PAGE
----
LOS ANGELES (UPI) — The long-running saga of the “culture” of the Los Angeles Police Department may have reached a turning point this week with the appointment of a panel of lawyers and academics with strong civil rights backgrounds to take another look into the aftermath of the Rampart scandal.

The Blue Ribbon Rampart Review Panel will spend an anticipated nine months reviewing the skullduggery that occurred in the Rampart Division more than two years ago and could be the most effective exercise yet in terms of finding the right moves to make to ensure that effective reforms actually take place.

“This is not about individuals; it’s about systems,” said Connie Rice, the chairwoman of the 10-member panel and an attorney who has represented a number of clients with beefs against the department. “It’s about making sure the culture is getting recalibrated so this kind of widespread, widely known corruption doesn’t get buried or covered up or allowed to fester again.”

Rampart has been examined closely before by official boards, the media and by the LAPD itself. The stated purpose of the panel sworn in by the Police Commission Tuesday is, according to an LAPD statement, to “build upon the work done by other panels.”

“Essentially, the Panel will ascertain the extent to which the department and city have identified and implemented the most important lessons of the Rampart corruption scandal,” the statement continued. “The panel will produce a public document that assesses past Rampart reviews, identifies obstacles to be avoided in the future and determines if sufficient remedies are in place or in progress to prevent the likelihood of a similar event occurring in the future.”

The culture of the LAPD has been the target of criticism before. The 1991 Christopher Commission report urged a major overhaul in the wake of the Rodney King beating, finding that LAPD policies on the use of force were ignored by a number of problem officers and that supervisors weren’t keeping a close enough watch on their troops.

The wide-ranging reforms were largely stalled, however, as the investigators went back to their lives while leaving the implementation of reforms largely up to the LAPD itself.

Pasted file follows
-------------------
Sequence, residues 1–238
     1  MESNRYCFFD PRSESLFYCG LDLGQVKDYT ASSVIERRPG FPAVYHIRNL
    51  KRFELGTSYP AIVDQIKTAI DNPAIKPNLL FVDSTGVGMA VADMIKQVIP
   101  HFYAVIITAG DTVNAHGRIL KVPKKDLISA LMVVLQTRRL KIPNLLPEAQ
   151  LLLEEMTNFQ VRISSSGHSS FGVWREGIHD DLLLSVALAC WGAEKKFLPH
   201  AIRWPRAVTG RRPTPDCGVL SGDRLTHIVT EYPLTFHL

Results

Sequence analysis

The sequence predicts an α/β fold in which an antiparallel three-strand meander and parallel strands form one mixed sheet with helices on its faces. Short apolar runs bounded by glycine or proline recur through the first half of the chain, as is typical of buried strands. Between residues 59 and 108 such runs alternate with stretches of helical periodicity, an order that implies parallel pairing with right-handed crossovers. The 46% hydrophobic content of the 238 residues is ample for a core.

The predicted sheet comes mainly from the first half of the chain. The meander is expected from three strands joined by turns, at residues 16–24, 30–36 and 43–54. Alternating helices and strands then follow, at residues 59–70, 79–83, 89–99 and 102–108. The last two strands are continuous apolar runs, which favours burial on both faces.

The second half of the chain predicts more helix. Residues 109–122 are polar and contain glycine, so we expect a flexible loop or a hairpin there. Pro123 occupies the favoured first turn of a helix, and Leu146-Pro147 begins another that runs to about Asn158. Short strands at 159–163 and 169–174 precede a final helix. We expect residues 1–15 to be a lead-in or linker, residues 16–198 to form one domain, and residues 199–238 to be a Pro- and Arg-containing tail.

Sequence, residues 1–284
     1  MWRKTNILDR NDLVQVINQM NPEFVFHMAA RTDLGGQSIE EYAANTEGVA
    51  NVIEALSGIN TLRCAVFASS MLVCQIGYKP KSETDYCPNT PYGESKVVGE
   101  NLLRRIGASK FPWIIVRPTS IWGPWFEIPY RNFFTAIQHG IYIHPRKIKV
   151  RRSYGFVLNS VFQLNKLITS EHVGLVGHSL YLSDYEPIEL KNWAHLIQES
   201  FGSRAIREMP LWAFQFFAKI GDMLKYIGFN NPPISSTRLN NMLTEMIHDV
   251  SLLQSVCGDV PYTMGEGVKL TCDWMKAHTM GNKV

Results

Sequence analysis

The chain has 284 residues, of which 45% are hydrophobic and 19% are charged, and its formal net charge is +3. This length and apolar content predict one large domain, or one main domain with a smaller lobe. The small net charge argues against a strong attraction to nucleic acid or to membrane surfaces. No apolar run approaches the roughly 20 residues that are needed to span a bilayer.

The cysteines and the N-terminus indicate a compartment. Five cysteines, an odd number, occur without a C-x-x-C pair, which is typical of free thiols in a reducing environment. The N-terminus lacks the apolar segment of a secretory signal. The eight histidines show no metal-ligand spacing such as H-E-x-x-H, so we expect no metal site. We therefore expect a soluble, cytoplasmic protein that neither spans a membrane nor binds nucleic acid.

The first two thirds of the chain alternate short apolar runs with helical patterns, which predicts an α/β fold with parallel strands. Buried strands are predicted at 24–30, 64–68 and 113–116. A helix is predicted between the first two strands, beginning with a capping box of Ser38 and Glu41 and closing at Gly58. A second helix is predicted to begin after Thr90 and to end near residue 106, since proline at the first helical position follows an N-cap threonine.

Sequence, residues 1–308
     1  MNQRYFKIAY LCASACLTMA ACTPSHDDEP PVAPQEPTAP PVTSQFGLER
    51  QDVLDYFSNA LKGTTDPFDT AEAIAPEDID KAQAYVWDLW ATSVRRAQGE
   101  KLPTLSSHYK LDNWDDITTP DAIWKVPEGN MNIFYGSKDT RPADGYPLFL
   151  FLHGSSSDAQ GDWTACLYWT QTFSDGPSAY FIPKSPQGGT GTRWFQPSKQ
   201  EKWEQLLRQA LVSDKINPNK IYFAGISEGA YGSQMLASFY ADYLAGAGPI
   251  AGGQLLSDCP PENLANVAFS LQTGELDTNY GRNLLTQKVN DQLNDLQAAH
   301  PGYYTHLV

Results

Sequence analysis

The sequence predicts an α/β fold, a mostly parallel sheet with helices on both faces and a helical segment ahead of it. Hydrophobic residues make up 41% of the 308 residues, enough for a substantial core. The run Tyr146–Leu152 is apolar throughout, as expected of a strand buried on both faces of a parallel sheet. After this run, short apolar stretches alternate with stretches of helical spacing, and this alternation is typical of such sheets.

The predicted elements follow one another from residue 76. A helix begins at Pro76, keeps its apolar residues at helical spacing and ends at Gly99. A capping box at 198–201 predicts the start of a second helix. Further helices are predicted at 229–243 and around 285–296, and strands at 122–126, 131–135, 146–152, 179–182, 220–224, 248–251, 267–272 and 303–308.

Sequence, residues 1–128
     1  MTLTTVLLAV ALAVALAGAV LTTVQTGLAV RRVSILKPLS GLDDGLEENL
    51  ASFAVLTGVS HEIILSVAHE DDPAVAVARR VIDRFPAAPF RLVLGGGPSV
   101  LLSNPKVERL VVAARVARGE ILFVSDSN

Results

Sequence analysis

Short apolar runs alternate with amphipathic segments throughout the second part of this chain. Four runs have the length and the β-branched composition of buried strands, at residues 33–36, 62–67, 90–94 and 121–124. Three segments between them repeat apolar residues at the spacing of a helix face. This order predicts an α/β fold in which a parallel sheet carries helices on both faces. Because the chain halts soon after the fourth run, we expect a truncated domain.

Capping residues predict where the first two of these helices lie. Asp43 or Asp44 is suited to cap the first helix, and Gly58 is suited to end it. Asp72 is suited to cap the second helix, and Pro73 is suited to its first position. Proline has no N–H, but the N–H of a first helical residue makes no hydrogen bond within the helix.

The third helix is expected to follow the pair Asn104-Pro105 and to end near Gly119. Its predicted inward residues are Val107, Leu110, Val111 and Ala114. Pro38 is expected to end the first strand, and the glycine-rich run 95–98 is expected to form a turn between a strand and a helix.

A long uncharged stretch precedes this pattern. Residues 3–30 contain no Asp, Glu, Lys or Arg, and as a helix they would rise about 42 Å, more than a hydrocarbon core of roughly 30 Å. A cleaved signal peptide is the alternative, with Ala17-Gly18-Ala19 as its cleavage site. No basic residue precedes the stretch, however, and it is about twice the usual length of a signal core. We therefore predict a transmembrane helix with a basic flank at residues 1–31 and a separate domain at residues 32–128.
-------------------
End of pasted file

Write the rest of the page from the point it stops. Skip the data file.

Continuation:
The Blue Ribbon group is a bit different from the Christopher Commission and earlier Rampart panels in that it has a sizable representation of the other side — the lawyers who have come to learn the ins and outs of how the LAPD operates and where safeguards are needed to remove the temptation for officers to cut corners and violate regulations.

It is safe to assume that any pattern of continuing abuse on the part of the police will come to the attention of Rice and other attorneys who represent the alleged victims.

Also, their report will land on the desk of a willing audience. Mayor James Hahn and Police Chief William Bratton were not tainted by Rampart and will be able to use the document to make the kinds of procedural changes that can outflank the so-called blue wall, an alleged code of silence in the ranks that many critics say allows bad habits to flourish.

The wrongdoing in Rampart apparently percolated for years under the noses of department brass as a few — but still more than enough — individual members of the elite CRASH anti-gang unit used perjured testimony, planted evidence and falsified reports to railroad gang members and anyone else who happened to get in their way.

The machinations came to light only after rogue cop Rafael Perez was busted for pinching cocaine from the station’s evidence locker and offered to sing about his activities and those of his cohorts in exchange for a lighter sentence.

“Rampart CRASH officers developed an independent subculture that embodied a ‘war on gangs’ mentality where the ends justified the means, and they resisted supervision and control and ignored LAPD’s procedure and policies,” said the report from the city’s first Rampart commission in 2000.

“The misconduct of CRASH officers went undetected because the department’s managers ignored warning signs and failed to provide the leadership oversight and supervision necessary to control this specialized unit.”

The results were appalling. CRASH was dissolved citywide and more than 100 criminal cases had to be dismissed because the evidence submitted by the police had to be considered tainted and pretty much worthless. Rampart also set the stage for the eventual departure of Police Chief Bernard Parks.

While Parks was considered a strict disciplinarian, he was also a career LAPD officer who came under criticism for allegedly downplaying Rampart and clashing with the district attorney’s office over his alleged foot-dragging.

Bratton and Hahn took office in the wake of Rampart and don’t have to worry about the heavy lifting of rooting out individual troublemakers or finding themselves in the role of scapegoat. They can now turn their attention to snuffing out the last embers of the Rampart scandal through operational changes that will be recommended by those who have had plenty of experience with the dark side of the LAPD’s “culture.”

Copyright 2003 by United Press International. All rights reserved.

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